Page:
Sebauh produces good lumber — and a sawmill is still operating across the river just before Sungei Sebauh branches out from the Kemena River. Sungei Sera, in turn, branches out from Sungei Sebauh, further up in the ulu.
Rubber, pepper, timber and now oil palm have helped this sub-district prosper. Today, especially with oil palm cultivation, Sebauh is getting a second wind of prosperity.
According to a local resident, when a Sekutan Iban man owns a 4-wheel-drive vehicle, pepper and oil palm gardens as well as a good longboat engine, he is well established.
The people of Rumah Meikle not only have all of these, they could also have children working in Kuala Lumpur or overseas. Many own a second home in Bintulu town and have long served the state government as civil servants.
Preparing for visit
People around especially Pekan Sebauh and the sub-district in general had been busy preparing for the visit of the Chief Minister to the longhouse.
A few of the older folks said it was not unlike the days when people got excited over the arrival of a Tuan Resident or Tuan DO — (in those days, Tuan was salutation reserved for white officials).
On the day of the celebration, the helicopter cycling above added to the heightened excitement. Music from the PA system streamed out of the longhouse. Did I catch sight of an Elvis Presley Impersonator in the ruai testing the mike?
Marquee tents filled up most of the open space where the food committee were working — literally sweating away. Some of the men had taken off their shirts, revealing some magnificent Iban tattoos. Women of all ages sat on low stools preparing meat with sharp home-made knives.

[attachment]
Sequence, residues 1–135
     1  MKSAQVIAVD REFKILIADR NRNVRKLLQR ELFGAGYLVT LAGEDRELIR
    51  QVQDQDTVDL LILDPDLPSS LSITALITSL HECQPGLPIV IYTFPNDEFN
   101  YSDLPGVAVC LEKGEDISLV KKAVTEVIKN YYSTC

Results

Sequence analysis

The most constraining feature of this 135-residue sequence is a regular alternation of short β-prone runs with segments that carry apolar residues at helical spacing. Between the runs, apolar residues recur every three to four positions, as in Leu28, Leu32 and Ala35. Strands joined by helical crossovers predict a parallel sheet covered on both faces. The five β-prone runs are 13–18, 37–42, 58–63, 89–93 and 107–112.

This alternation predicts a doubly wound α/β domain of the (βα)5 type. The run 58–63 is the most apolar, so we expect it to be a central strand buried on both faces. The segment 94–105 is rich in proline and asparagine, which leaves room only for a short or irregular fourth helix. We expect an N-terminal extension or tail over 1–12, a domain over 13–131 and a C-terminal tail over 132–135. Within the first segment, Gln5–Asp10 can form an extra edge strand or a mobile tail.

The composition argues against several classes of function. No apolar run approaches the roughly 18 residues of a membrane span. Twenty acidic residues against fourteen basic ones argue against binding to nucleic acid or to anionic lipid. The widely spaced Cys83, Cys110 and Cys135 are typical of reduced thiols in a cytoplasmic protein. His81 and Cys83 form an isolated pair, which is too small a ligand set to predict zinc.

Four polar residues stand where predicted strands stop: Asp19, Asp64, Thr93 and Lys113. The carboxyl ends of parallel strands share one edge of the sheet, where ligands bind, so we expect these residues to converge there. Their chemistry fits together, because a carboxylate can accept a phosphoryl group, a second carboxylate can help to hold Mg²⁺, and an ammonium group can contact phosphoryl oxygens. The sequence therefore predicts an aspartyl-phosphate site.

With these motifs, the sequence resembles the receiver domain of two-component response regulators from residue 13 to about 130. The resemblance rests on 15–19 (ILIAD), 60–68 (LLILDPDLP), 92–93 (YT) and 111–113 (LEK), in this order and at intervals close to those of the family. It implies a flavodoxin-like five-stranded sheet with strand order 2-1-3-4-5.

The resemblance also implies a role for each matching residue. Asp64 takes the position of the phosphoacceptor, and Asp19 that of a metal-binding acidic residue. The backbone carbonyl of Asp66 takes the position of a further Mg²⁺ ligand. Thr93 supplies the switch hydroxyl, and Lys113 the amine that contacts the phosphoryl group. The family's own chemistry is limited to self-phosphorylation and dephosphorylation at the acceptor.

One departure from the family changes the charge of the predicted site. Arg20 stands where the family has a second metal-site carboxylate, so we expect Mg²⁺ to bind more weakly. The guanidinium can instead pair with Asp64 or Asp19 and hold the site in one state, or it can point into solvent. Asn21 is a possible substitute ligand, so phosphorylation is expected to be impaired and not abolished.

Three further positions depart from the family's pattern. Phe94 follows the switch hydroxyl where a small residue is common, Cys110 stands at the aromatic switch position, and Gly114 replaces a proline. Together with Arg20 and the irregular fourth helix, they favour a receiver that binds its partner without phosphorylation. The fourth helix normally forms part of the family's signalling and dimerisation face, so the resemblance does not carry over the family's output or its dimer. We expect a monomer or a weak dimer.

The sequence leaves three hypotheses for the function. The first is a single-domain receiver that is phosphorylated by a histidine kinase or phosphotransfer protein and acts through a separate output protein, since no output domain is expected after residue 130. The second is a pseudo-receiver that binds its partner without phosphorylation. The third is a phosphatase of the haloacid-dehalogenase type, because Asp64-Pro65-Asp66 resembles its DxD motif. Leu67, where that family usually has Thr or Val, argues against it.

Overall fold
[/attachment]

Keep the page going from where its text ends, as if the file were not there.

Rumah Meikle even had its own flags flying alongside the Sarawak and Malaysian flags. Four wheel drives, trucks with houseplants and the Park City Hotel van lined the car park. A few longboats were moored by the riverbank.
Cikgu Gasan, former Tanjong Lobang College student, and 2008 Sarawak Tokoh Guru, from the longhouse, was one of the organisers. He introduced his longhouse to early visitors who arrived one day before the event (Friday – June 27).
“A very interesting beating of gongs will be presented after the Chief Minister strikes the biggest gong to launch the celebration. Very few people have seen this special simultaneous beating of seven gongs and gendang papat by seven “Iban warriors,” he enthused.
Married to the sister of Dr Rundi, cikgu Gasan has retired for many years and has also helped with the construction of the longhouse.
“Every bilik is 16 feet by 60 feet because our land is not really wide enough to accommodate 24 families. We have tiled up most of the walls and the whole longhouse has the same floor tiles — from one end to the other.
“Uniformity is important. It gives the residents a great sense of unity. The windows are identical and we were presented with a whole set of curtains by our YB Datuk Seri Tiong King Sing.
“So all the curtains in the ruai are the same — very well made and posh! It makes our longhouse look really like a five-star hotel. All the doors to the individual bilik are the same. Dr Rundi has two units — No. 13 and 14. You will see the Park City dining tables already set up and ready to welcome our VIPs on the day of the celebration (June 28),” he explained.
Cikgu Gasan said the residents were, at first, reluctant to use concrete (for the longhouse) as they were worried about the high costs involved but eventually, they were happy their income from palm oil had helped them build a wonderful cement longhouse.